Black-billed Magpie 1 American Redstart 46

Tree Swallow 217 American Tree Sparrow 71

Cliff Swallow 1 Chipping Sparrow 20

Black-capped Chickadee 130 Clay-colored Sparrow 85

Brown Creeper 3 Fox Sparrow 1

Red-breasted Nuthatch 6 Savannah Sparrow 12

House Wren 91 Lincoln Sparrow 23

Winter Wren 2 Song Sparrow 6

Golden-crowned Kinglet 5 White-throated Sparrow 54

Ruby-crowned Kinglet 65 White-crowned Sparrow 7

Veery 4 Slate-colored Junco 24

Gray-cheeked Thrush 3 Sparrow sp. 2

Swainson’s Thrush 54 Rose-breasted Grosbeak 3

Hermit Thrush 55 Brown-headed Cowbird 15

American Robin 8 American Goldfinch 8

Grand Total 2689

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The Monitoring Avian Productivity and Survivorship (MAPS) Program was created by The

Institute for Bird Populations in 1989 to assess and monitor the vital rates and population

dynamics of over 120 species of North American landbirds in order to provide critical

conservation and management information on their populations. The MAPS Program

utilizes constant-effort mist netting and banding at a continent-wide network of monitoring

stations staffed by both professional biologists and highly trained volunteers.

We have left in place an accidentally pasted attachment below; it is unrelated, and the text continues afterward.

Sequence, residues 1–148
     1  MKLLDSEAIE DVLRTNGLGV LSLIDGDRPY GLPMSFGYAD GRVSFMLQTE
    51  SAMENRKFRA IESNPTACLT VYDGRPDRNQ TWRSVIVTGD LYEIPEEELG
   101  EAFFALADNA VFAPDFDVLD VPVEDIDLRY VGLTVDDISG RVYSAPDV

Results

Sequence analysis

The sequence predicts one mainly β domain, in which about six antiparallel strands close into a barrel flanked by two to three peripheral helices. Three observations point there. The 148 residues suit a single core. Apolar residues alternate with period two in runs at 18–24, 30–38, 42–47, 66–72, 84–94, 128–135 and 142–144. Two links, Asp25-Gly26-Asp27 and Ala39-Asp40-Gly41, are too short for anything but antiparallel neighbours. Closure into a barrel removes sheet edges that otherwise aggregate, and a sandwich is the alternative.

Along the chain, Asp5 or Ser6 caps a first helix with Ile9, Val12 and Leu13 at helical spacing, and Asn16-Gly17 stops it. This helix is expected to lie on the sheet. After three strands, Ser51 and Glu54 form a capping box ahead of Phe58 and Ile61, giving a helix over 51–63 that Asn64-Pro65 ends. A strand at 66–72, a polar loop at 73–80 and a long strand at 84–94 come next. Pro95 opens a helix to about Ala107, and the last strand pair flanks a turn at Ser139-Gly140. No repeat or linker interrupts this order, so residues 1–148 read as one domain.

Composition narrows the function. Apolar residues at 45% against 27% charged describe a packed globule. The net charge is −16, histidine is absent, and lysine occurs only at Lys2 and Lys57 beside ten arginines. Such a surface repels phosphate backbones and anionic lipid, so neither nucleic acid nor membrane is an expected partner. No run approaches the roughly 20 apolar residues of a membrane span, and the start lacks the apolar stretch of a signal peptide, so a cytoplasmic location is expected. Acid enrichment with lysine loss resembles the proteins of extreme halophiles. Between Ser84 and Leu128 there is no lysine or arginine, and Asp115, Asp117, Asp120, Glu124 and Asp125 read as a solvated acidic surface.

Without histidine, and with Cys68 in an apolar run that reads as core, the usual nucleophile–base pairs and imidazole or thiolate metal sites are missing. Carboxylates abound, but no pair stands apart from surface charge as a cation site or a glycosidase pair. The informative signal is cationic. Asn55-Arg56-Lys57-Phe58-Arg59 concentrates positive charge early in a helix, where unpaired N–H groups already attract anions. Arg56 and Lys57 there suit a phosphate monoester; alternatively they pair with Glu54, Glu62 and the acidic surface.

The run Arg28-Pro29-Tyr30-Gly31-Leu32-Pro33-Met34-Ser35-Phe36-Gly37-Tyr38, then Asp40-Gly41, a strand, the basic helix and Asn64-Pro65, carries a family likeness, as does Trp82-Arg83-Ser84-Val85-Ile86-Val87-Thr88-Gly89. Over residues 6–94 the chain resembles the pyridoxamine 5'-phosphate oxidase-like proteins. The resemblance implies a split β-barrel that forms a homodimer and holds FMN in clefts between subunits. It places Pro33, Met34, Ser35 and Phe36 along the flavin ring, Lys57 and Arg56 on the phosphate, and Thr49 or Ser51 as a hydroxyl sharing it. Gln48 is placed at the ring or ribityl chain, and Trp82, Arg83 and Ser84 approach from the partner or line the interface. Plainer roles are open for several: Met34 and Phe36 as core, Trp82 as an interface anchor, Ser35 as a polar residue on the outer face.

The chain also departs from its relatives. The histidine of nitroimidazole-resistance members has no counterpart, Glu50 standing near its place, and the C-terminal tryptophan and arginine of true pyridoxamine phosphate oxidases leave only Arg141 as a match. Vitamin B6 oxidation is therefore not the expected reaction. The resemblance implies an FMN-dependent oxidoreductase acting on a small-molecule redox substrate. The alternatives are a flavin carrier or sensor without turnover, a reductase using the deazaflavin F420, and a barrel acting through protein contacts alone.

Since its first season, MAPS has

grown from 16 to over 500 stations

(see map for locations) and has

received the support and

endorsement of many federal

agencies and conservation groups.

For the past nine years, IBP has been

publishing monitoring results from

MAPS (DeSante 1992, DeSante and

Burton 1994, DeSante et al. 1993,

1996, 1998, 2000). These papers

have documented pronounced annual

variation in regional productivity

indices as well as the pattern that

increases or decreases in productivity

in a given year are typically followed

by respective increases or decreases

in population size the following year.

There are three important reasons

why monitoring vital rates (primary

demographic parameters such as

productivity and survivorship) must be

a component of any integrated avian population monitoring scheme. First, environmental

stressors and management actions affect vital rates directly and usually without the time

lags that so often occur with population size. Second, vital rates provide crucial

information about the stage of the life cycle at which population change is being effected.

Third, monitoring vital rates provides crucial information about the viability of the